Newscasts

PNS Daily Newscast - May 23, 2018 


The Mueller probe lands another cooperating witness. Also on the rundown: The GAO gives a green light for CHIP cuts; and hurricane experts say – don’t let down guard down.

Daily Newscasts

Dental Health Month: Preventing a “Sweet Tooth” from Becoming a Problem

Good oral-health habits can decrease the incidence of cavities among children. (woodypino/Pixabay)
Good oral-health habits can decrease the incidence of cavities among children. (woodypino/Pixabay)
February 14, 2018

LOUISVILLE, Ky. – While Valentine candy might be tempting to Kentucky boys and girls, dental-health professionals say it's crucial to ensure it doesn't turn into a problem.

February is National Children's Dental Health Month, and health-care groups say it's about more than teaching kids to brush twice a day and floss regularly.

Jennifer Hasch, a registered dental hygienist in Louisville, says regular visits to the dentist help instill consistent oral hygiene habits in children that can decrease the incidence of cavities.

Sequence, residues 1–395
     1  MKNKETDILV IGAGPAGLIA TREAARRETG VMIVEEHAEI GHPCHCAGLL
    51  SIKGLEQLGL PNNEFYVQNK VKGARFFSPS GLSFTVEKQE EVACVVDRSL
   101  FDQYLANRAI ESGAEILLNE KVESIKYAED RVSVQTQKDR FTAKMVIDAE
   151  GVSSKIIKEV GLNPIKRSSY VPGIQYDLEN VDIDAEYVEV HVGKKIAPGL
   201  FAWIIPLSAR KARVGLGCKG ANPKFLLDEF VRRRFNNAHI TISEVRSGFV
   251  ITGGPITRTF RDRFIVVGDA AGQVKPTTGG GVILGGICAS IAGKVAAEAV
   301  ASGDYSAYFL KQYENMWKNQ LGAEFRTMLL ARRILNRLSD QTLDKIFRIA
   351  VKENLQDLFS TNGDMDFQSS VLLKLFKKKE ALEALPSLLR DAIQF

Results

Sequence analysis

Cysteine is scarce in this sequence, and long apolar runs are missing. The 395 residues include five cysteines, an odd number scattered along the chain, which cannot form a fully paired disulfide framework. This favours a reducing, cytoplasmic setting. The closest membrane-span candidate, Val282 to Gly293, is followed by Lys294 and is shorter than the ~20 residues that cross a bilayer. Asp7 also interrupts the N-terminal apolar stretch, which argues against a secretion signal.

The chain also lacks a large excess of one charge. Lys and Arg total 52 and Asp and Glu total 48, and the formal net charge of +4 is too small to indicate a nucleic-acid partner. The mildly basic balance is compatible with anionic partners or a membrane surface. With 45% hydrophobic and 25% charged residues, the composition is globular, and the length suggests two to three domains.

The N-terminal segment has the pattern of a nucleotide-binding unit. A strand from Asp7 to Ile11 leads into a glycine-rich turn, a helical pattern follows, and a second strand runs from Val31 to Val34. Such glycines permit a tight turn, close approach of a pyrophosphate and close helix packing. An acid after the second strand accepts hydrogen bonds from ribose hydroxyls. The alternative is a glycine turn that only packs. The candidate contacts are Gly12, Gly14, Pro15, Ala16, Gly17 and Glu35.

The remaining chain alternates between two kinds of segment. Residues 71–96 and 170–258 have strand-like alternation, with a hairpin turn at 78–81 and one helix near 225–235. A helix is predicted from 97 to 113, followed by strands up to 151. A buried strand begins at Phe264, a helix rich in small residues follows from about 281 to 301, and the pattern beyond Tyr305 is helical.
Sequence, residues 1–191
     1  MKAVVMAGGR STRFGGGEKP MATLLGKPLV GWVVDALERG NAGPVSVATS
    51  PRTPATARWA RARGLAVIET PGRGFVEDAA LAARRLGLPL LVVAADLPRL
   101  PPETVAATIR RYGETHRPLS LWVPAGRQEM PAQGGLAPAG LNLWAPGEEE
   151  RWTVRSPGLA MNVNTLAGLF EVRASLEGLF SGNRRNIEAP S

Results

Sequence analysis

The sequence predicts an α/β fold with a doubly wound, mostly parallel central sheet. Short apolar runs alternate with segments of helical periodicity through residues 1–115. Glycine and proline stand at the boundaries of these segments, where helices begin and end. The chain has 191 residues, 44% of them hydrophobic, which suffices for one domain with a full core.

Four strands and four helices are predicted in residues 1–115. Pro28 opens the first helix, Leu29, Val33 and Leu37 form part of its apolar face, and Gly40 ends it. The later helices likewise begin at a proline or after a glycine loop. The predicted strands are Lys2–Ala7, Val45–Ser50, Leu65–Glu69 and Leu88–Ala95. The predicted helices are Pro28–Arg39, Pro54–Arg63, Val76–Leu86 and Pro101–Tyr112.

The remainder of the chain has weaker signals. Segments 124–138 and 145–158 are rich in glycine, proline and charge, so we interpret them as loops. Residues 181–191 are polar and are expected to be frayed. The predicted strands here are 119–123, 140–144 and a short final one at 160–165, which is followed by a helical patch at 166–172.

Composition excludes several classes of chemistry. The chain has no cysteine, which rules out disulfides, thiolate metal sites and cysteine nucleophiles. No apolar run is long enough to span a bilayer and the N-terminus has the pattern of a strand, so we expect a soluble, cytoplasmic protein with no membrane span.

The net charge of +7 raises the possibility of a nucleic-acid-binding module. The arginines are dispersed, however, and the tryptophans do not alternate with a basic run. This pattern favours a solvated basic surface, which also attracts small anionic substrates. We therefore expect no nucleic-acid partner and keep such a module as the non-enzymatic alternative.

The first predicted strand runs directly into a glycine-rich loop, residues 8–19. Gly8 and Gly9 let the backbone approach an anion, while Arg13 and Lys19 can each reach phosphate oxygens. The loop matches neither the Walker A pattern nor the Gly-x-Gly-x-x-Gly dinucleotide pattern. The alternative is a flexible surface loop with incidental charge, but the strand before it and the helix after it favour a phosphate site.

"Having that access to a dental provider can catch things when they're small," Hasch says. "A cavity that is small can be fixed with a simple restoration, whereas something that gets larger over time can lead to abscess and systemic infection."

Data from a 2016 study of oral health among Kentucky children found that greater numbers of kids have urgent dental problems, and nearly two in five have untreated cavities. But Hasch says more in Kentucky also have dental coverage now, through the Children's Health Insurance Program and Medicaid.

Hasch explains getting dental care is a challenge for some Kentucky families, with about 100 Dental Health Professional Shortage Areas in the state.

This means nearly 480,000 Kentuckians live in a region where there aren't enough dentists to meet the local needs. She says there also aren't many dental-care providers in the state who accept Medicaid.

"In our more urban areas, it's a little more saturated, but even still, you can find two to three weeks - sometimes even a months-long wait - for a child to access dental care," Hasch laments. "And when you're talking about active infection or abscess, that can be the difference between life and death."

The Kentucky Oral Health Coalition is among the groups working to improve oral health awareness, remove barriers to access, and expand school-based oral health-care services.

Mary Kuhlman, Public News Service - KY